Google Says A New Chromecast Is On The Way

Not much is known, but it looks like Google has something in the works.

Google Says A New Chromecast Is On The Way
[Photo: Flickr user Maurizio Pesce]

Google’s Chromecast, which allows about any phone, tablet, or laptop to stream Netflix and other rich media to your television, was a surprise hit for one big reason: It was cheap. Originally released in July 2013 for $35 (and now $28), the small USB-shaped gadget could plug into your TV, delivering most of the streaming fun of a full-fledged smart TV.


Now, it seems the Chromecast is evolving. Speaking at GigaOm‘s Structure Connect conference this week, Google VP of product management Mario Queiroz hinted that a new version is in the works. The catch: We don’t know when it will be released, or what it will do differently.

Queiroz wouldn’t say much about what Google is planning for the second iteration of Chromecast. But he did indicate that Google is “building an ecosystem of different endpoints” in which the Chromecast is one endpoint and other “Chromecast devices” are other endpoints.

“I can say we really want to bring the richness of this first screen–second screen experience to life,” said Queiroz. “The hardware capabilities will give us a better opportunity to take full advantage of a large screen paired with a small screen.”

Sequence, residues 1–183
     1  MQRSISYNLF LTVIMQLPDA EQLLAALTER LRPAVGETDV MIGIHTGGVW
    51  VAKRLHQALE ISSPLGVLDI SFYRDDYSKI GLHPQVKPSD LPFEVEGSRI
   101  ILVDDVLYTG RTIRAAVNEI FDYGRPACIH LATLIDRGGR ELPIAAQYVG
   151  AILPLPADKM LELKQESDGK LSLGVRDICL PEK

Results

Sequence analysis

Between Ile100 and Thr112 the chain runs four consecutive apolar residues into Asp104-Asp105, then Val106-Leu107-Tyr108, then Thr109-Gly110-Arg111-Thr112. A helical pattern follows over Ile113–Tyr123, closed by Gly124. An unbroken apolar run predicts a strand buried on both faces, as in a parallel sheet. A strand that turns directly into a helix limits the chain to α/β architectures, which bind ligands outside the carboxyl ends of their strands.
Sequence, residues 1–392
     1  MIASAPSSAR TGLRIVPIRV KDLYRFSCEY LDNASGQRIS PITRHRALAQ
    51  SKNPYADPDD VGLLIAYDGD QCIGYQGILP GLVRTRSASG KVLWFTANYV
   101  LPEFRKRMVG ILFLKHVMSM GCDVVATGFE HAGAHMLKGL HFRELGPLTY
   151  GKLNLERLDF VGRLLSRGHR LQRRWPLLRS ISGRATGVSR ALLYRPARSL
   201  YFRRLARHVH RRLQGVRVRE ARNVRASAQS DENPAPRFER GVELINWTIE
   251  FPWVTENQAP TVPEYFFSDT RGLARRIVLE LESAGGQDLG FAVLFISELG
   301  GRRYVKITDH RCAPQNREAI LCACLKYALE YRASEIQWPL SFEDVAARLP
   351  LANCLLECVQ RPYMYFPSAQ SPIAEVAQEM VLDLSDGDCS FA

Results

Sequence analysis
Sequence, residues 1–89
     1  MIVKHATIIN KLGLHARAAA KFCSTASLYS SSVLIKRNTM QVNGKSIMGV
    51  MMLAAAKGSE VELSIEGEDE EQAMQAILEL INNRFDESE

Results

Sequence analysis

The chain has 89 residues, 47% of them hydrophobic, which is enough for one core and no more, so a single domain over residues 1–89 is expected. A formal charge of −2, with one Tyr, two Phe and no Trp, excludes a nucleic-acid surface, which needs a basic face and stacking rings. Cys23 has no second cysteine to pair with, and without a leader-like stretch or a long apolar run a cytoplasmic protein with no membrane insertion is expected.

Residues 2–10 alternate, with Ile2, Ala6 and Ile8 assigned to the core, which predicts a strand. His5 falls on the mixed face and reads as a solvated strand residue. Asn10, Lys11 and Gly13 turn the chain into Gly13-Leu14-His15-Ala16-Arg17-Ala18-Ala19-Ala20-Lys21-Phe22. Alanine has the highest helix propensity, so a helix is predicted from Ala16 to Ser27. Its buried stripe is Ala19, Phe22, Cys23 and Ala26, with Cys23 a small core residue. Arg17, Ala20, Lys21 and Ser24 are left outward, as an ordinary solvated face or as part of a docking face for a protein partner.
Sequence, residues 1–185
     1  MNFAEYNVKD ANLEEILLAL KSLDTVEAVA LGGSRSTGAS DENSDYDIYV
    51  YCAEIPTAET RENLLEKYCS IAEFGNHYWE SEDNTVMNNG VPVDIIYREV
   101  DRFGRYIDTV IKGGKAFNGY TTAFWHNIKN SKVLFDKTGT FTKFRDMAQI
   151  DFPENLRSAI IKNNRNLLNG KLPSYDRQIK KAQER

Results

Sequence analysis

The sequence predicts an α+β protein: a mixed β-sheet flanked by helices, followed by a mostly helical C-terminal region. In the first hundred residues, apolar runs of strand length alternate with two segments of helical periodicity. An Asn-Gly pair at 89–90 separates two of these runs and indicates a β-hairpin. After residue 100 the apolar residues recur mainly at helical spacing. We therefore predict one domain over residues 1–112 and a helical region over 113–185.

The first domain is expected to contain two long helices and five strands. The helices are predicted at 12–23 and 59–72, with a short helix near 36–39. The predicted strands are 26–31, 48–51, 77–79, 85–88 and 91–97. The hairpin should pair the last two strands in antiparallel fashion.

The first Chromecast wasn’t perfect, and could only be used with a narrow range of streaming services. But for the price tag, most people were willing to put up with a few bugs and other small annoyances (like the exhausting inability to cast multiple shows on Netflix in a row). If Google is going full Internet of Things with the next generation of casting devices, maybe the UI on the phone or tablet end will become more interactive when you’re watching a show, or maybe Chromecast 2.0 will look more like a full-on gaming console. Who knows? Maybe the next version won’t even look like a dongle.

Are you a Chromecast user? What features do you want to see in a new version?

[h/t: GigaOm]

About the author

Chris is a staff writer at Fast Company, where he covers business and tech. He has also written for The Week, TIME, Men's Journal, The Atlantic, and more.